Historical/ Intergenerational Trauma

Historical trauma, or intergenerational trauma, refers to the cumulative emotional and psychological wounding of a person or generation caused by traumatic experiences or events. Historical trauma can be experienced by any group of people that experience a trauma. Examples include genocide, enslavement, or ethnic cleansing. It can affect many generations of a family or an entire community. Historical trauma can lead to substance abuse, depression, anxiety, anger, violence, suicide, and alcoholism within the afflicted communities. If you are feeling the effects of historical or intergenerational trauma, reach out to one of TherapyDen’s experts today.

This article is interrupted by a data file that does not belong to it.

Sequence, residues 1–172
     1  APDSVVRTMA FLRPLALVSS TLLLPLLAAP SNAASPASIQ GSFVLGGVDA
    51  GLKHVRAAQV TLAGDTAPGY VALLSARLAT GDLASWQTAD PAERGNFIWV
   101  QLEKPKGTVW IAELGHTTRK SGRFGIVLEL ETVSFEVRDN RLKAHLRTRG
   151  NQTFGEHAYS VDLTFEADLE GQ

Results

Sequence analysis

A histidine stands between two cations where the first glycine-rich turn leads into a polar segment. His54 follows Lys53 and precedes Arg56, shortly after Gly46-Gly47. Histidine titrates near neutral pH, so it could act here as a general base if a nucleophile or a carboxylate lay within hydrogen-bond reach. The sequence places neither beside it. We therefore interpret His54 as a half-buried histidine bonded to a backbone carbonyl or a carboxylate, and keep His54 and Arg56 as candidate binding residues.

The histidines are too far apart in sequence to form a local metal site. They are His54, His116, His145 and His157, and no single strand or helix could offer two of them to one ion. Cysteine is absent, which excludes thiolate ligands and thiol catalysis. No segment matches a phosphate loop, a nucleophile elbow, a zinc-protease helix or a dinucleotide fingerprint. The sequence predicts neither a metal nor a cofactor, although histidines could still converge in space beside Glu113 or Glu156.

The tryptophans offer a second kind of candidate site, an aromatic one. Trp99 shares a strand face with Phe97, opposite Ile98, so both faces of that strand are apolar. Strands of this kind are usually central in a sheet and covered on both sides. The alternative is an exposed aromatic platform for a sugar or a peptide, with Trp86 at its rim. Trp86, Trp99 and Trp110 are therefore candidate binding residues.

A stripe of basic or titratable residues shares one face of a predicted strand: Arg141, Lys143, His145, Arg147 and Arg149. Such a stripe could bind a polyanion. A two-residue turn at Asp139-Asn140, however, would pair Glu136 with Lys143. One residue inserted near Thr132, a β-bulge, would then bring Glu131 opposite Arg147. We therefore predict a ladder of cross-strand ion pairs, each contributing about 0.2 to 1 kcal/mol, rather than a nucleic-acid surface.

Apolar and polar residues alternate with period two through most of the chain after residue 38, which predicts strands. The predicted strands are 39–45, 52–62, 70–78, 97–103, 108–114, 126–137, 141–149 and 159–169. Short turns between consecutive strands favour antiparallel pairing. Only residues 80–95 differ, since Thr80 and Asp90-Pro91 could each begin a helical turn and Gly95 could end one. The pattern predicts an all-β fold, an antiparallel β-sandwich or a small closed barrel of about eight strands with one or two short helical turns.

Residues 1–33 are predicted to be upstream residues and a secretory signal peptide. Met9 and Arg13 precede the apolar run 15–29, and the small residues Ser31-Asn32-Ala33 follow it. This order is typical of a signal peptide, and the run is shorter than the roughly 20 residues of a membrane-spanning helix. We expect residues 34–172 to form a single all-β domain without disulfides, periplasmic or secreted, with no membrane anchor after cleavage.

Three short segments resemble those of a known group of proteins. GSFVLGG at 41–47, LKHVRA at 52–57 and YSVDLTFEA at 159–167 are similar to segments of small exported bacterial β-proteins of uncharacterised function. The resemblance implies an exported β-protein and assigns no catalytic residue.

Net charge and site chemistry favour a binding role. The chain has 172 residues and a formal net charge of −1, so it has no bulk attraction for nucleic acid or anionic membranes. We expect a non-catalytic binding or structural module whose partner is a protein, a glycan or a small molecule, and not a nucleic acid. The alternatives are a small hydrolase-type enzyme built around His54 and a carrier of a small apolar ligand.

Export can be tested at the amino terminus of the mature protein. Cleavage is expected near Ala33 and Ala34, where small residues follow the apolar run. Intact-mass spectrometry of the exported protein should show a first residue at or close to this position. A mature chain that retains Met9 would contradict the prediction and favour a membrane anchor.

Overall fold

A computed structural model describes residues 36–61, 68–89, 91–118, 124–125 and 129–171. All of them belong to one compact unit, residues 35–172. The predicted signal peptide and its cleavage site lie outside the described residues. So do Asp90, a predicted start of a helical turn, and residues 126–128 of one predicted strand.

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I apply the science and intuitive knowledge that we all hold about intergenerational trauma when working with individuals. We all have lineage and ancestors that experienced oppression, war, abuse, displacement, and other traumatic events. We now know that these experiences are coded in our DNA and can effect our nervous systems. I am comfortable with applying this knowledge to therapy sessions and discovering how clients can heal themselves as well as the ancestral trauma they carry.

— Barbara Ferri, Licensed Clinical Social Worker in Durango, CO